Functional analysis of the archaea, bacteria, and viruses from a halite endolithic microbial community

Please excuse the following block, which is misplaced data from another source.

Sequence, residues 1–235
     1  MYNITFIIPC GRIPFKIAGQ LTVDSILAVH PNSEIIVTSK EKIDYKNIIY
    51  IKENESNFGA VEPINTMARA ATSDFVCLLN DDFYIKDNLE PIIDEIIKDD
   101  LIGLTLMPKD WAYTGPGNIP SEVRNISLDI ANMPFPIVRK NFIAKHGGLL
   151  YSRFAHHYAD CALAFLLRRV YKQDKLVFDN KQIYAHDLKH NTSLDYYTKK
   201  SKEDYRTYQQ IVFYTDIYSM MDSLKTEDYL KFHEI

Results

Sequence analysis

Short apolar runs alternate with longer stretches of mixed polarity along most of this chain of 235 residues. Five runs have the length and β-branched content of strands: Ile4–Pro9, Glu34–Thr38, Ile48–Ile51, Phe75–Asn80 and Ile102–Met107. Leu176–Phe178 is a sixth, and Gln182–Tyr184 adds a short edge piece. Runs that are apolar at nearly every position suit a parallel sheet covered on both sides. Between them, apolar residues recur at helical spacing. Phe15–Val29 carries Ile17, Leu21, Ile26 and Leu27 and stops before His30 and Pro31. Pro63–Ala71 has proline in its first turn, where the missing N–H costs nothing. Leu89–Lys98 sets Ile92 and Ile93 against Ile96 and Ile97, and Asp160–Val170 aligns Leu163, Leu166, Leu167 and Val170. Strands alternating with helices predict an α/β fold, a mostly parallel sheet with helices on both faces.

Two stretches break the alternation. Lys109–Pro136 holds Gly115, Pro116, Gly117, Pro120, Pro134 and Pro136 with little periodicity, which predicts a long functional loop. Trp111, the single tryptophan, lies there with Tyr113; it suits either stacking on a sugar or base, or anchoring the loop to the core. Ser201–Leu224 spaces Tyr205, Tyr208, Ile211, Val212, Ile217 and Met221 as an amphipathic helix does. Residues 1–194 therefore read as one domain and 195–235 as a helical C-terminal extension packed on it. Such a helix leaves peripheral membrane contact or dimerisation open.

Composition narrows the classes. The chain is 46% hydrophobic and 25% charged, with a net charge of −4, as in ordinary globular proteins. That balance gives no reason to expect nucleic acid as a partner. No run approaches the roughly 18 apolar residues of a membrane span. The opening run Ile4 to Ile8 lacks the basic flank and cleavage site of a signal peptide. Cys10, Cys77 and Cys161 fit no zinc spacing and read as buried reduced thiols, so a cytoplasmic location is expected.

Halite endoliths in the Atacama Desert represent one of the most extreme microbial ecosystems on Earth. Here we sequenced and characterized a shotgun metagenome from halite nodules collected in Salar Grande, Chile. The community is dominated by archaea and functional analysis attributed most of the autotrophic CO2 fixation to a unique cyanobacterium. The assembled 1.1 Mbp genome of a novel nanohaloarchaeon, Candidatus Nanopetramus SG9, revealed a photoheterotrophic life style and a low median isoelectric point (pI) for all predicted proteins, suggesting a “salt-in” strategy for osmotic balance. Predicted proteins of the algae identified in the community also had pI distributions similar to “salt-in” strategists. The Nanopetramus genome contained a unique CRISPR/Cas system with a spacer that matched a partial viral genome from the metagenome. A combination of reference-independent methods identified over 30 complete or near complete viral or proviral genomes with diverse genome structure, genome size, gene content, and hosts. Putative hosts included Halobacteriaceae, Nanohaloarchaea, and Cyanobacteria. Despite the dependence of the halite community on deliquescence for liquid water availability, this study exposed an ecosystem spanning three phylogenetic domains, containing a large diversity of viruses, and a predominant salt-in strategy to balance the high osmotic pressure of the environment.